We did watch quite a bit of movies though, four movies in 3 days is pretty good for us, usually we saw that many in a week. We skipped the mainstream releases this time and went to see the documentary 2016 Obama’s America and Robot and Frank.

My hubby and I got to talking about The Crow over dinner and so we ended up renting Brandon Lee’s last film, as well as the biopic drama on his father, Dragon: The Bruce Lee Story. I will do a review of those two together later this month, but let’s just say we’re both were quite taken by the tragic story that happened to both father and son. Cursed or not, the mystery surrounding their deaths is very eerie.

2016: Obama’s America

Politics just isn’t my cup of tea, so I had never even heard of this film until a friend at work mentioned it to me and sent me the trailer. Not being a US citizen, I’m not able to vote, but once in a while I’d read about political stuff just so I know what the issues are being talked about. I always think that there are always pros and cons for every party, even if my social views are more conservative leaning. With Obama, I’m naturally more curious about him because of the Indonesia connection. He even went to the same umbrella school, St. Francis of Assisi where my hubby and I went, when he lived in Jakarta for a couple of years. Yet, aside from that, I hardly know anything about him and so this documentary tagline: ‘LOVE HIM. HATE HIM. YOU DON’T KNOW HIM.’ intrigues me.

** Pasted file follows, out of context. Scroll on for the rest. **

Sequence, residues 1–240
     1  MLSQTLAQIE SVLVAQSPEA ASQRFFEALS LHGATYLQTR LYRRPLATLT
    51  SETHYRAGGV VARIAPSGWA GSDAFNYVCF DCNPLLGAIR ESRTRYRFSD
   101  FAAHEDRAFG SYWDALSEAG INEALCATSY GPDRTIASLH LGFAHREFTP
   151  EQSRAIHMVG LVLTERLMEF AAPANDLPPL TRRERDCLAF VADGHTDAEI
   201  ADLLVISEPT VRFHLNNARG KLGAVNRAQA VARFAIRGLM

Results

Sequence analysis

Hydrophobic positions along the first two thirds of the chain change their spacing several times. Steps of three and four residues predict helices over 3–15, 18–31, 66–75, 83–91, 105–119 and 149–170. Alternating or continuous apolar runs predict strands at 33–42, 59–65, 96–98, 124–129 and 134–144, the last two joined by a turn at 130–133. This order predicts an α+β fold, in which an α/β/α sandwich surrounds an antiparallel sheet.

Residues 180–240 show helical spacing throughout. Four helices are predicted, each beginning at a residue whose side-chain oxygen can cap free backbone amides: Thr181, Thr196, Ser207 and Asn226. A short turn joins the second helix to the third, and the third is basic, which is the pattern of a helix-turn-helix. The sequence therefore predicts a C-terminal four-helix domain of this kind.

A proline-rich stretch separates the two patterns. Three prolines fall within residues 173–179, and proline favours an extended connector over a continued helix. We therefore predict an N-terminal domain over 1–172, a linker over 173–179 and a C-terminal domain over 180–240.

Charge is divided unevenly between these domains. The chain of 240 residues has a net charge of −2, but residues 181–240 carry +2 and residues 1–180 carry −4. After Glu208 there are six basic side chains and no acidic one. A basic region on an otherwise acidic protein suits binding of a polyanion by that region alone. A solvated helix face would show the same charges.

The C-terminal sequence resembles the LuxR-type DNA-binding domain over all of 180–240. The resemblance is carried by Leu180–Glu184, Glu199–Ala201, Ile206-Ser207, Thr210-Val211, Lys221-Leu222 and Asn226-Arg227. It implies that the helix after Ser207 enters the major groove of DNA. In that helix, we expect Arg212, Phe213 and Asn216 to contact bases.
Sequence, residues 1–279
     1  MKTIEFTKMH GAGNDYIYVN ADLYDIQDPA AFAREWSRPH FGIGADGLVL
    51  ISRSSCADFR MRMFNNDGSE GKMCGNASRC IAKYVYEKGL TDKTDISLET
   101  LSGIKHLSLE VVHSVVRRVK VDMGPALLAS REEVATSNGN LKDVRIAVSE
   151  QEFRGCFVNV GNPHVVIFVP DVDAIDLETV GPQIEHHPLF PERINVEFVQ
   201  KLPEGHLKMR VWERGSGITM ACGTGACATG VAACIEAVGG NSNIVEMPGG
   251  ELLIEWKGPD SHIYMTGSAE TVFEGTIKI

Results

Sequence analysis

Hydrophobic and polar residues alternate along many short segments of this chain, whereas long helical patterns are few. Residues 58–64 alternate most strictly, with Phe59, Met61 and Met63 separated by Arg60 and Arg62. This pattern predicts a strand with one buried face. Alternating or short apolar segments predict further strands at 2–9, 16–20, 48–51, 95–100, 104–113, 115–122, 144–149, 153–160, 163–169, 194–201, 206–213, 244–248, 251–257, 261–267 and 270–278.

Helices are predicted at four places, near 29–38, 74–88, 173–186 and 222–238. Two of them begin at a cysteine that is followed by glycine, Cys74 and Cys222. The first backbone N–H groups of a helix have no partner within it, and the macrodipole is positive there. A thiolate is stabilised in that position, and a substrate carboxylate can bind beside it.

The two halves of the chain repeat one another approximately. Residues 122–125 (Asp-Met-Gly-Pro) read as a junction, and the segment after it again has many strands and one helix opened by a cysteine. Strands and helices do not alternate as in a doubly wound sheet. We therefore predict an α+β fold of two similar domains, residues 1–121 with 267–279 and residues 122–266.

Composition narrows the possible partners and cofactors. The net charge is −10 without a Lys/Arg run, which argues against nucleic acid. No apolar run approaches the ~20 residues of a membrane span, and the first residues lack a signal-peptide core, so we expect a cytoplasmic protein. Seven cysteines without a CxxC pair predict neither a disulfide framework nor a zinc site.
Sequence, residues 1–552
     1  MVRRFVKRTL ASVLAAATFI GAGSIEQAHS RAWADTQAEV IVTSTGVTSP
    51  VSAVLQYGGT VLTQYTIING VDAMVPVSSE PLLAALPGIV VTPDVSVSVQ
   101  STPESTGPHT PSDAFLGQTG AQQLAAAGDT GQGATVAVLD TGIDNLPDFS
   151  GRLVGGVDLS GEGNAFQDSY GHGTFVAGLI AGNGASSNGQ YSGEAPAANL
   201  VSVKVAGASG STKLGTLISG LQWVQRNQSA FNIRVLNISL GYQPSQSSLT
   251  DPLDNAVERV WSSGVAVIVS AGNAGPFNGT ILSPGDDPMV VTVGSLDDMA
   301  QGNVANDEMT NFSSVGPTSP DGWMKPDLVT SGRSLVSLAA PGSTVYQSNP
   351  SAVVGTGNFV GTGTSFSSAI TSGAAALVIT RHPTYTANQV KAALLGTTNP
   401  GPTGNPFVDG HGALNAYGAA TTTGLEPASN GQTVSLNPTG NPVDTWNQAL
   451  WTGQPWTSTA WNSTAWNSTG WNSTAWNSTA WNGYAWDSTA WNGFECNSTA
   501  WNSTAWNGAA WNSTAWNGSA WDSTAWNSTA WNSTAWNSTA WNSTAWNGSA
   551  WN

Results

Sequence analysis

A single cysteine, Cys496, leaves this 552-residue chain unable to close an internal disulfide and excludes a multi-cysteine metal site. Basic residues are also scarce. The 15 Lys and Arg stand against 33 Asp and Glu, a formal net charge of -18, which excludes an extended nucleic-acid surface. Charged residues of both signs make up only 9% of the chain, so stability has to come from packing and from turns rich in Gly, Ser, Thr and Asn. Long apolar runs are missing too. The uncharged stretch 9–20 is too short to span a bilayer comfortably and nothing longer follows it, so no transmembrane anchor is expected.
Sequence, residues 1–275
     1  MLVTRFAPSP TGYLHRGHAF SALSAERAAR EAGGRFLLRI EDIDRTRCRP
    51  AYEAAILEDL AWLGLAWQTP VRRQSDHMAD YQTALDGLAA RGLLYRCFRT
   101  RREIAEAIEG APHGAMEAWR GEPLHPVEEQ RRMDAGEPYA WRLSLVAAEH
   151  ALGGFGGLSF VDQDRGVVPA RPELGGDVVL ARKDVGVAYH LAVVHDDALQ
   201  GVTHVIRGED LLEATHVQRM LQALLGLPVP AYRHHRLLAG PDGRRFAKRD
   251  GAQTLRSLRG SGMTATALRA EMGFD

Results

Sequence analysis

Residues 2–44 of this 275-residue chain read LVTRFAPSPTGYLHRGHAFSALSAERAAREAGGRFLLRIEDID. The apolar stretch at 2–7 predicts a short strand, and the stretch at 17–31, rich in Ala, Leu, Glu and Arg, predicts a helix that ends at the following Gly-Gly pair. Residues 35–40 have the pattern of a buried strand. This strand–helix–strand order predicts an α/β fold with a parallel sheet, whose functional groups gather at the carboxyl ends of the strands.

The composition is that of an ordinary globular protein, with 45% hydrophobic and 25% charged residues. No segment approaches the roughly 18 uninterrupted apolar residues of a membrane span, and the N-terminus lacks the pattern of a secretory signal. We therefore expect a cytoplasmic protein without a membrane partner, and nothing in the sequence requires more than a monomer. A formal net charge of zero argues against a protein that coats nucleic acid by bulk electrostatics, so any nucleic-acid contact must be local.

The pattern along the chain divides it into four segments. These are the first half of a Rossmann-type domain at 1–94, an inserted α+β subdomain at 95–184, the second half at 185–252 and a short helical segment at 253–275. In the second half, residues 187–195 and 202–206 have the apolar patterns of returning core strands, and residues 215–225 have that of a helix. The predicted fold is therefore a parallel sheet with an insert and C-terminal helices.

It’s hard to review a film like this, but contrary to what you might’ve read, this documentary by conservative scholar and author Dinesh D’Souza is NOT Obama bashing, nor is it endorsed by a political party. It examines the question, “If Barack Obama wins a second term, where will we be in 2016?” and it actually starts with a biopic of sort, of D’Souza himself, an immigrant from India who studied at Dartmouth College. The film even noted that there’s a lot of similarities between D’Souza and Obama, as they’re exactly the same age and both went to an Ivy League university around the same time.

D’Souza and George Obama